Conspiracy Theories That Surround The Attack On Paul Pelosi

U.S. Speaker of the House Nancy Pelosi's husband was attacked by an armed intruder on October 28, 2022. According to The New York Times, the assailant, David DePape, entered the home of the Pelosi family sometime early in the morning. Mr. Pelosi was asleep at the time when DePape broke in. However, Mr. Pelosi wasn't the primary target — his wife was. DePape's reasoning was that he believed Speaker Pelosi to be second in line to the presidency, telling Mr. Pelosi, " ... we've got to take them all out."

While DePape was taken into custody, Paul Pelosi suffered serious injuries from the numerous hammer blows to his skull. But what's strange about the whole violent affair is the staggering number of conspiracy theories that have popped up around the incident. As the BBC News reports, figures like Elon Musk, Marjorie Taylor Greene, Donald Trump, and so on have all contributed their own false theories about the attack. But what do these theories entail exactly?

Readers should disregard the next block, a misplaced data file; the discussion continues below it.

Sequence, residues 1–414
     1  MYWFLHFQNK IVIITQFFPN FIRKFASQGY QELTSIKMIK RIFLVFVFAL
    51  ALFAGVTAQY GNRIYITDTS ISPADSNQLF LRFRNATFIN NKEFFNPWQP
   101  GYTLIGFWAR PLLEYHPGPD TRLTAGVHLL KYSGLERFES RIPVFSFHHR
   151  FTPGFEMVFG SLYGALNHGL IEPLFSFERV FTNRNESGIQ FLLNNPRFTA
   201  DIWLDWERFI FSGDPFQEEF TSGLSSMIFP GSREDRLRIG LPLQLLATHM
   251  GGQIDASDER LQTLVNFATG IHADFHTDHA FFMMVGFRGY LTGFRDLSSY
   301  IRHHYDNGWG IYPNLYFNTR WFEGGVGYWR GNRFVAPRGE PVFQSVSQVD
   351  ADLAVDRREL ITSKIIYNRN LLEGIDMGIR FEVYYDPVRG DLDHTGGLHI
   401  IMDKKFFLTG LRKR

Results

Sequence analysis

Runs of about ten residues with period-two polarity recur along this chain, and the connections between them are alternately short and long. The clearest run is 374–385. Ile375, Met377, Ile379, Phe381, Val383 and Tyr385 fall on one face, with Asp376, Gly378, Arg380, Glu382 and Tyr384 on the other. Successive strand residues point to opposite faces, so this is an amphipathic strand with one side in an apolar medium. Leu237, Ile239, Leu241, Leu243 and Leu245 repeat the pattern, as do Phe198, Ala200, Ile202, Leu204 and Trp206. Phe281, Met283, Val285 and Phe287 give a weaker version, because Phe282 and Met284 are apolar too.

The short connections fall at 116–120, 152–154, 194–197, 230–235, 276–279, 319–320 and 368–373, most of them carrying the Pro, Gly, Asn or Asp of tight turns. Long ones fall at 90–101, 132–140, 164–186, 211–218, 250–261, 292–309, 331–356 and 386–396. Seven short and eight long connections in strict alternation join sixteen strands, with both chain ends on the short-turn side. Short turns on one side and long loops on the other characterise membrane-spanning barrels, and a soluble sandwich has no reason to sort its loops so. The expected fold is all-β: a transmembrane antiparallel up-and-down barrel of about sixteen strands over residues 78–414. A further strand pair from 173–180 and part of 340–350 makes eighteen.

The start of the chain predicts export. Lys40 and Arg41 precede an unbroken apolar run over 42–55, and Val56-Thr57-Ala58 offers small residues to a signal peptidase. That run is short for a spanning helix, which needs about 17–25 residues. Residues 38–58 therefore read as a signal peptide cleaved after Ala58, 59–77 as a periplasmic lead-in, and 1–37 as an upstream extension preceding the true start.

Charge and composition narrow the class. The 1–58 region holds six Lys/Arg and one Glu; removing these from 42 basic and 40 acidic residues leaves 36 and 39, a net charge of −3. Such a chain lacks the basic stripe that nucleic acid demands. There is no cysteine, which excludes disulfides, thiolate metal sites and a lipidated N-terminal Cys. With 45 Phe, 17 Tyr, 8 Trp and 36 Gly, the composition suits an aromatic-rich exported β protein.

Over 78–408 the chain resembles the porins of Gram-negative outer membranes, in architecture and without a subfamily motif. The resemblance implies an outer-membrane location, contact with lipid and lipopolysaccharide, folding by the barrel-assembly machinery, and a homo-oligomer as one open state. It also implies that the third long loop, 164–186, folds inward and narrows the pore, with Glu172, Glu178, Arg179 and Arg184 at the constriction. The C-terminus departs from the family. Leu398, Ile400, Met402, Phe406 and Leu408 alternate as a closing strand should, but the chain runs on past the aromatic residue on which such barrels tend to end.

Donald Trump has been a major voice in the Paul Pelosi conspiracy campaign

Former President Donald Trump is no stranger to inciting controversy. As CNN reports, there is an entire laundry list of conspiracy theories that Trump has openly courted. He's spread a fair amount of misinformation about the Pelosi attack incident to his followers. Trump has also insinuated that the attack might have been staged, saying, "The glass, it seems, was broken from the inside to the out and, you know, so, it wasn't a break in, it was a break out" (via CNN). Trump then went on to claim that " ... the cops were standing there practically from the moment it all took place."

Trump also said that Paul Pelosi even knew the man. This has since been debunked by various sources. As The Washington Post explains, law enforcement was provided substantial documentation and footage confirming that it was indeed a break-in. Trump's theory was disproven very quickly after its dissemination, though many of his core supporters are still claiming this conspiracy as fact.

Elon Musk has put forth homophobic conspiracies about the incident